- - Friday, March 29, 2024

At the cross, at the cross where I first saw the light, And the burden of my heart rolled away, It was there by faith I received my sight, And now I am happy all the day!

There are many lessons we can learn from the story surrounding Easter, but there is an important lesson to be gleaned from the events taking place at the foot of the cross during the very moments of the crucifixion.

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Jesus was taken away early in the morning to be crucified. Apparently, executions had already been scheduled for that day because Jesus was added to the list of two other victims, thus fulfilling the prophecy of Isaiah 53:12: “He was numbered with the transgressors.”

That day, on Calvary, He was framed between two thieves. Their names are lost to history, but we know their last words, and those three crosses became a microcosm for the eternal realities of the human race.

Matthew wrote: “Then two robbers were crucified with Him, one on the right and another on the left. And those who passed by blasphemed Him, wagging their heads…. Even the robbers who were crucified with Him reviled Him with the same thing” (Matthew 27:38-39, 44).

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How embittered these men must have been. We assume they were young, perhaps in their teens or early 20s. We assume they were guilty of thievery, but we don’t know why they stole or how much or how often. What had driven them to crime? What had happened to their mothers? Their fathers? Had they been orphaned? Was anyone with them at the cross? Was there anyone to grieve for them? We don’t know. But for some reason, both men viewed Jesus with contempt. Matthew 27:44 says they insulted Him.

There they were, naked, impaled, dying. Their bodies were on fire, muscles quivering, lungs gasping, arms being pulled from sockets by the weight of their bodies on those crosses. Their memories were seared, and their minds were clouded by excruciating pain. Yet they squandered their last moments by joining their executioners in reviling the only perfect Man who ever lived.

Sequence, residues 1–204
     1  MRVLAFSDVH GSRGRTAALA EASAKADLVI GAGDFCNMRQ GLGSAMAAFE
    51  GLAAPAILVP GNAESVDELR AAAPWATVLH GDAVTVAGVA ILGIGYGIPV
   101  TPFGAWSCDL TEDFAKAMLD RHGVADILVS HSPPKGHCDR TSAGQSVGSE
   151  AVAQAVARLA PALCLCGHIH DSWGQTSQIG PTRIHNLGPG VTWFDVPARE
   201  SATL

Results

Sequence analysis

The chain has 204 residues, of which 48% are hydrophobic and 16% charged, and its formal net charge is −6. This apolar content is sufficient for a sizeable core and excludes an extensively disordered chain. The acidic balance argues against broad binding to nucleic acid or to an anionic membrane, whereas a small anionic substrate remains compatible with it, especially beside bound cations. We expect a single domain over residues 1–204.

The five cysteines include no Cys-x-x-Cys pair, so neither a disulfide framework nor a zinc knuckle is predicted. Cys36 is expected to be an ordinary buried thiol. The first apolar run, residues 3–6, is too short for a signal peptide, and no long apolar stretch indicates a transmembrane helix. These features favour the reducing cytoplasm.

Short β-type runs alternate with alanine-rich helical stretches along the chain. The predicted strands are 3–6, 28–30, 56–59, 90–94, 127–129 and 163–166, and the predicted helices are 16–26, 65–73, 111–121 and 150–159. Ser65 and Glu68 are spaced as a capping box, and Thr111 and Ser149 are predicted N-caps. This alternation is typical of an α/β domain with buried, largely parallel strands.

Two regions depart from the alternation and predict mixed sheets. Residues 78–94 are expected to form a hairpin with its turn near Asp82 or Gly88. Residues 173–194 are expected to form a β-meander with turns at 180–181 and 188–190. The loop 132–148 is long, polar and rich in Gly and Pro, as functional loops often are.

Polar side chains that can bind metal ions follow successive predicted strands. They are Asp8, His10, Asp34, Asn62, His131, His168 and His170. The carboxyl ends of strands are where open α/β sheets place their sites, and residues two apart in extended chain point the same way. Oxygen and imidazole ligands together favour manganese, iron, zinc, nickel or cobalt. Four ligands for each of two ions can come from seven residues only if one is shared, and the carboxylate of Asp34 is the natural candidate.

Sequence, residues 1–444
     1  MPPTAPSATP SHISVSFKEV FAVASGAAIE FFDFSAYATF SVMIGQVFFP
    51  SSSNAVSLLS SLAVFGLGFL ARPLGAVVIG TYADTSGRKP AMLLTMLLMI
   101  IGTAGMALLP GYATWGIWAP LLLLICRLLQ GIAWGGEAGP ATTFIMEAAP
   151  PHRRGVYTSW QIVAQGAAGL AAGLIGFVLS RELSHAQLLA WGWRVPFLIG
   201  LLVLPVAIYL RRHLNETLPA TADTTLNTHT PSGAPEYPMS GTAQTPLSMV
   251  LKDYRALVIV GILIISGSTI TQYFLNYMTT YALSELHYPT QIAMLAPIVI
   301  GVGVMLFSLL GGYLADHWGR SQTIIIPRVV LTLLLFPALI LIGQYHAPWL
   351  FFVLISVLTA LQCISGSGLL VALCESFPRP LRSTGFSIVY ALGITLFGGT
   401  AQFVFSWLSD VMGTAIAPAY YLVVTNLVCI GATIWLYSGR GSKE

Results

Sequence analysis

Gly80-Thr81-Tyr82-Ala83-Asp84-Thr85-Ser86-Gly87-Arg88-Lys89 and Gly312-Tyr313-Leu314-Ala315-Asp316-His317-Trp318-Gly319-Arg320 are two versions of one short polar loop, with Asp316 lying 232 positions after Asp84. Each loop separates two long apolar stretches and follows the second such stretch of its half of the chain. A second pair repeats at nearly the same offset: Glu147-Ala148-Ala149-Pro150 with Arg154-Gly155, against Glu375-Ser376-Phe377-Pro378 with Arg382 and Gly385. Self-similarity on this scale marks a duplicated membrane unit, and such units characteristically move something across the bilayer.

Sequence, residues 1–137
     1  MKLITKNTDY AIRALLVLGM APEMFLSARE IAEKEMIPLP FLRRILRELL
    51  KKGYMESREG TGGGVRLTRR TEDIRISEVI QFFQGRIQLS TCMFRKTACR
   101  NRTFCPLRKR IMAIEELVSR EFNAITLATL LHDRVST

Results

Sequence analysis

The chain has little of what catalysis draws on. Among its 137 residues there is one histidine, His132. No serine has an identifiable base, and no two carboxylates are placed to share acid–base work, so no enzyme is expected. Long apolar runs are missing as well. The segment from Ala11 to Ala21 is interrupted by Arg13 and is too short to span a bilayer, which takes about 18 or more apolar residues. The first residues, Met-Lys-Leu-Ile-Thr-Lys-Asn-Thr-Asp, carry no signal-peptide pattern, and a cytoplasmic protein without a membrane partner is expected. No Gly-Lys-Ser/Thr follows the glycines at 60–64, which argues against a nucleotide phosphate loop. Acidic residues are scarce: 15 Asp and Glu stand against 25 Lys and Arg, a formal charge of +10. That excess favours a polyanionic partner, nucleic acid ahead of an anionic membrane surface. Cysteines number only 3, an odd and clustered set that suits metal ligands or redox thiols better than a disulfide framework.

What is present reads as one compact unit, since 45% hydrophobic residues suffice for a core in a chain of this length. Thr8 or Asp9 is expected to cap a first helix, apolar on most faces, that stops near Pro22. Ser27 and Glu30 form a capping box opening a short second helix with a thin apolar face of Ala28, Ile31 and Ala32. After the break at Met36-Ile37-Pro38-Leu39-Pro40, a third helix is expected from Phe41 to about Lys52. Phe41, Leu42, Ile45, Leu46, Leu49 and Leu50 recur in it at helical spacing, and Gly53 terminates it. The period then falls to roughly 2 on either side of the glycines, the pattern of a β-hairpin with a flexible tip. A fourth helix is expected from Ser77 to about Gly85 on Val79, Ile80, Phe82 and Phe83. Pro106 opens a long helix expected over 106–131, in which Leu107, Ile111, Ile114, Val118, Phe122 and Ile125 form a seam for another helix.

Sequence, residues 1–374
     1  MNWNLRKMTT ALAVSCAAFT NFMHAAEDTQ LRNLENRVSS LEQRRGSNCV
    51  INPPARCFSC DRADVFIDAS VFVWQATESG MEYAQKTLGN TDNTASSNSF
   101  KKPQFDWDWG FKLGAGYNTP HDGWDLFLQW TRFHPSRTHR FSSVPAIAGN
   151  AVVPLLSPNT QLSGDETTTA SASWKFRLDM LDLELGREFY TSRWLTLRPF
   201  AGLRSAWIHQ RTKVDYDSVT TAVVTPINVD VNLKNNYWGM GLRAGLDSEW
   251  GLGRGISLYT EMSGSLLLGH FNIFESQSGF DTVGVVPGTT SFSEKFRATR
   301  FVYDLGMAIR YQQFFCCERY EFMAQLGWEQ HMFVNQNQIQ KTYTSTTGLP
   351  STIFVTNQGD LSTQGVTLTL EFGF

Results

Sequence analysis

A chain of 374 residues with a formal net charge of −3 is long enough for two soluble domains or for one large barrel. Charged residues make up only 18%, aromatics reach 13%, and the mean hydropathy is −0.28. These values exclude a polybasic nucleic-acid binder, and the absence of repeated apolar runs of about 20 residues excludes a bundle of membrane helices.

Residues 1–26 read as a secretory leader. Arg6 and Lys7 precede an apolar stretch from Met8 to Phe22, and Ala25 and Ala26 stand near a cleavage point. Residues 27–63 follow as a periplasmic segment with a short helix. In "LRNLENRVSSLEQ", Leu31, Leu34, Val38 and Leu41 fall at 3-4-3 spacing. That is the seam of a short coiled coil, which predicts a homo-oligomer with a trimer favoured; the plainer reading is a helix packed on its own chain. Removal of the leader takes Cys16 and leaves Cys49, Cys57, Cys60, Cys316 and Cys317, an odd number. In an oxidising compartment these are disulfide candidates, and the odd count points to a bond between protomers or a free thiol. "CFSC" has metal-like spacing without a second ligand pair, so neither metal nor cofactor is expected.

Then at high noon one of the young men had a change of heart.

Then one of the criminals who were hanged blasphemed Him, saying, “If You are the Christ, save Yourself and us.” But the other, answering, rebuked him, saying, “Do you not even fear God, seeing you are under the same condemnation? And we indeed justly, for we receive the due reward of our deeds; but this Man has done nothing wrong.” Then he said to Jesus, “Lord, remember me when You come into Your kingdom.” And Jesus said to him, “Assuredly, I say to you, today you will be with Me in Paradise.” (Luke 23:39-43)

Both these men must have cried out intensely as they were being crucified, cursing God, cursing the Romans, cursing the Jews, cursing their parents, cursing the day they were born. One of the thieves never did stop cursing. He cursed his way into a Christless eternity. What a glimpse of the depravity of man! Faced with one’s death, you would think a man would cry for mercy. But it’s possible to so harden oneself toward God that increased pain only results in increased obstinacy.

But one thief had an 11th-hour change of heart. He acknowledged his guilt, and as he hung there next to the Savior of the world, he somehow saw that this Man could rescue him. “Lord,” he said, “remember me when You come into Your kingdom” (Luke 23:42). He called Him, “Lord.” He recognized He was a King. He understood that Jesus could give him eternal life.

SEE ALSO: The three promises Jesus offered us on Palm Sunday

He went to be with Jesus in paradise that day. What a day it turned out to be — starting the day as a condemned prisoner and ending it in paradise fellowshipping with Jesus!

We can learn three things from this: 

1. It’s never too late to quit praying for our loved ones. God can answer prayer even at the last moment. He can snatch a sinner into heaven from the deathbed. Jesus said that we “always ought to pray and not lose heart” (Luke 18:1).

2. It’s dangerous to wait so long to be saved. We have no reason to think that this man had ever heard of Christ before. We shouldn’t say, “Well, I’m going to wait until the end of life, like the thief on the cross.” We may not have such an opportunity. The Bible says, “‘Come now, and let us reason together,’ says the Lord, ‘Though your sins are like scarlet, they shall be as white as snow.’” We are also told to: “Seek the Lord while He may be found, call upon Him while He is near” (Isaiah 1:18; 55:6).

3. It’s never too late to be saved. It is never too late to come to Christ. Do you fear you’re too far gone to be rescued? Think you’ve sinned too much for Christ to forgive? Wonder if it’s too late? If you’re too old? The Lord Jesus died on the Cross for you and now is the time to trust Him as Savior. 

This Easter as you ponder the cross and its implications, remember these three things — never stop praying, don’t wait to say “Yes, Lord,” and as long as you have breath, it’s never too late to answer His call — and as you do, may the words of the old hymn At the Cross be your worship to the Savior.

At the cross, at the cross where I first saw the light, And the burden of my heart rolled away, It was there by faith I received my sight, And now I am happy all the day! But drops of grief can ne’er repay The debt of love I owe; Here, Lord, I give myself away, ’Tis all that I can do.

Adapted from “Season of Hope” by Dr. David Jeremiah. Copyright © 2024 David P. Jeremiah. Used by permission of David Jeremiah.

Dr. Jeremiah serves as the senior pastor of Shadow Mountain Community Church in El Cajon, California. He and his wife, Donna, have four children and 12 grandchildren.

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